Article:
# Spivak Derivate Question

1. Nov 11, 2006

### redyelloworange

Suppose
f(a) = g(a) = h(a)
and f(x) <= g(x) <= (x) for all x

Prove g(x) is differentible and that
f'(a) = g'(a) = h'(a).

So.. I need to prove that the following limit exists:

lim h -->0 (g(x+h) - g(x)) / h

but how can i use the fact that f(x) <= g(x) <= (x) for all x?

Thanks

2. Nov 11, 2006

### StatusX

Obviously you're gonna have to tell us something about f and h.

3. Nov 11, 2006

### redyelloworange

f(a) = g(a) = h(a)
and f(x) <= g(x) <= h(x) for all x

and

f'(a) = h'(a)

Last edited: Nov 11, 2006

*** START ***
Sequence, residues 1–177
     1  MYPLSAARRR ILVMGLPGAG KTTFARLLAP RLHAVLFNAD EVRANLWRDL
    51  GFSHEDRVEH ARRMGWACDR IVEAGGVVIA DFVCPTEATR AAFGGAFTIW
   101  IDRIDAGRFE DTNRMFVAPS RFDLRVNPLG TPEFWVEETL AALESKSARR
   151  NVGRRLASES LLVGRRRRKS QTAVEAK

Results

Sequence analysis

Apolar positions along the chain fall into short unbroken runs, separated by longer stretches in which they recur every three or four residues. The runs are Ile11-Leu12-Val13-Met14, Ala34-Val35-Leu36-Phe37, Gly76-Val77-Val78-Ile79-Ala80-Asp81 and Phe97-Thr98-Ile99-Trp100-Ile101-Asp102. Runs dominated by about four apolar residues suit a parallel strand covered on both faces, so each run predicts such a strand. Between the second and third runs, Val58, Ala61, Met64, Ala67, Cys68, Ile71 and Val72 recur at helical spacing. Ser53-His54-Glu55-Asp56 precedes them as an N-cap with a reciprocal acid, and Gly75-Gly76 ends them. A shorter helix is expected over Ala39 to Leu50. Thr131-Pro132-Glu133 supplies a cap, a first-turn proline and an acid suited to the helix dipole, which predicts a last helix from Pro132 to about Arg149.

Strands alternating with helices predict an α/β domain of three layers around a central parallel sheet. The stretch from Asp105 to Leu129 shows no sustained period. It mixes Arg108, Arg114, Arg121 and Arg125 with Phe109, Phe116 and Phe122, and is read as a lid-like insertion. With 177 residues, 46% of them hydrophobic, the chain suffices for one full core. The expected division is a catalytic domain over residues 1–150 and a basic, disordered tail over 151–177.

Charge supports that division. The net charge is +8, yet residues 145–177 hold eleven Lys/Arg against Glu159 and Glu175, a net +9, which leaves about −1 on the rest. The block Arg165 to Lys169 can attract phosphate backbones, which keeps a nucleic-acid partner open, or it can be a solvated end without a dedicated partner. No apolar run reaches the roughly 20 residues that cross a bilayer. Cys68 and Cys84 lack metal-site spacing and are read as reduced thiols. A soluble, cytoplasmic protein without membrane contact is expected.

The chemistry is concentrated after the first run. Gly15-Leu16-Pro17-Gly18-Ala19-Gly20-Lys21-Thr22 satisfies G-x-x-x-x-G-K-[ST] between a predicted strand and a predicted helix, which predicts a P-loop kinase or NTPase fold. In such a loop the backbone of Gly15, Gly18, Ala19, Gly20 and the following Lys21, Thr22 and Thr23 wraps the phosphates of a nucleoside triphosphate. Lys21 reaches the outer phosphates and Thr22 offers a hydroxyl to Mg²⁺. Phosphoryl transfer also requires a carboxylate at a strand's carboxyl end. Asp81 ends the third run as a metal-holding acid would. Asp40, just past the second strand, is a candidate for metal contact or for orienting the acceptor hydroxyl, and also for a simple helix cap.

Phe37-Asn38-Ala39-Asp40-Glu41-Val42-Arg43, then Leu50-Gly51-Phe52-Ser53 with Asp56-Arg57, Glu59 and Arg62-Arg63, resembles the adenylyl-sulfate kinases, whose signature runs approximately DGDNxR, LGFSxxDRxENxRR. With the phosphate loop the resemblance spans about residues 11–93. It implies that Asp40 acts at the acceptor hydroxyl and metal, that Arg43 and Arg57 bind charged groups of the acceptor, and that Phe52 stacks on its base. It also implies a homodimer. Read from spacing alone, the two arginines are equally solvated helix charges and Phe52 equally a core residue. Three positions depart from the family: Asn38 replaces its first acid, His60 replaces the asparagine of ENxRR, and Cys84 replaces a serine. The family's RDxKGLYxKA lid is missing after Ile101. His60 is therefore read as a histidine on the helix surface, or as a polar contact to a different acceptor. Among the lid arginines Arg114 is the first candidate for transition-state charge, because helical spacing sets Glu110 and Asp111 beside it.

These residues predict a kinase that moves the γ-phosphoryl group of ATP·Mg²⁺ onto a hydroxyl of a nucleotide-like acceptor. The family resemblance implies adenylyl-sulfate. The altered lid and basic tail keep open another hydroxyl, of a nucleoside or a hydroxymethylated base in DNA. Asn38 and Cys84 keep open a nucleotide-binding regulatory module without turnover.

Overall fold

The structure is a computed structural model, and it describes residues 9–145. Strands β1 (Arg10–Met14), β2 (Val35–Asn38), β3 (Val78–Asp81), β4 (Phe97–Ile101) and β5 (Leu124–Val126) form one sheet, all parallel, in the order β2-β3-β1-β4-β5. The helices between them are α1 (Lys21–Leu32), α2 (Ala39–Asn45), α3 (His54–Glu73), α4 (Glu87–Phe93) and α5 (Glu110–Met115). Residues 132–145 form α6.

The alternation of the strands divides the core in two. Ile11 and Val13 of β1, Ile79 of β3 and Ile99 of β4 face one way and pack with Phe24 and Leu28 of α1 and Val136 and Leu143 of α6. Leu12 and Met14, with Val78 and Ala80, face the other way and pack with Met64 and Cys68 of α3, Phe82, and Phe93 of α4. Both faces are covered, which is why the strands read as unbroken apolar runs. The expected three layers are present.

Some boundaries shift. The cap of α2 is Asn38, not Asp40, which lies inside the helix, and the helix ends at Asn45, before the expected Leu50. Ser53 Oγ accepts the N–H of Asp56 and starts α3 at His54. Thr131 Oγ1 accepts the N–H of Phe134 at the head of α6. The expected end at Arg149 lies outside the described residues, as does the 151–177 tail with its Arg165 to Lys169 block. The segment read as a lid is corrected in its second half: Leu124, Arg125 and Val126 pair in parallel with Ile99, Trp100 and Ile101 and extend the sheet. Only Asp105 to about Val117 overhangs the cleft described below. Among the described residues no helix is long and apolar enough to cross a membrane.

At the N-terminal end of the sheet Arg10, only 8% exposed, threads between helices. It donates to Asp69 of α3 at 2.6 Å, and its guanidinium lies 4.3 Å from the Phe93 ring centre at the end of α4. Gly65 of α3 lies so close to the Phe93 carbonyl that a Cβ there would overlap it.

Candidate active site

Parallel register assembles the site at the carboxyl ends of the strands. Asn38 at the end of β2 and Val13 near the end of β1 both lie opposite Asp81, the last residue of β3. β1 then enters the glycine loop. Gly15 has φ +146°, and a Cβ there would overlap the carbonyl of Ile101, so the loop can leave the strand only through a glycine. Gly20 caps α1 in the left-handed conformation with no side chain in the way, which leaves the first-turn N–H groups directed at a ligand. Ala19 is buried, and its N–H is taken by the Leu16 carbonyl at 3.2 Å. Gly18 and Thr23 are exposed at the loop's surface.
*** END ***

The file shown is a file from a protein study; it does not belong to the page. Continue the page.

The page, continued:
4. Nov 11, 2006

### HallsofIvy

Staff Emeritus
Is it possible that f and h are given as differentiable? Otherwise, just take f(x)= g(x)= h(x) to be any non-differentiable functions and the hypotheses are satisfied while the conclusion is not true!

5. Nov 11, 2006

### redyelloworange

you're right

*I seem to have typed the question wrong many times*
sorry.

So, given:

f(a) = g(a) = h(a)
and
f(x) <= g(x) <= h(x) for all x
and
f'(a) = h'(a)

Prove g is differentiable at a, and that g'(a) = g'(a) = h'(a).

6. Nov 11, 2006

### StatusX

Do you know the squeeze theorem?

7. Nov 11, 2006

### redyelloworange

oh!
sol instead of just including g(x) in the inequality.. i include more:

f(x) <= g(x) <= h(x)
f(a+h) <= g(a+h) <= h(a+h)
f(a+h) - f(a) <= g(a+h) - f(a) <= h(a+h) - f(a)
f(a+h) - f(a) <= g(a+h) - f(a) <= h(a+h) - f(a)

f'(a) <= g'(a) <= h'(a)

but f'(a) = h'(a)

so (how exactly do i phrase this?)

f'(a) = g'(a) = h'(a)

ooh. that was a good hint/spark =) thanks!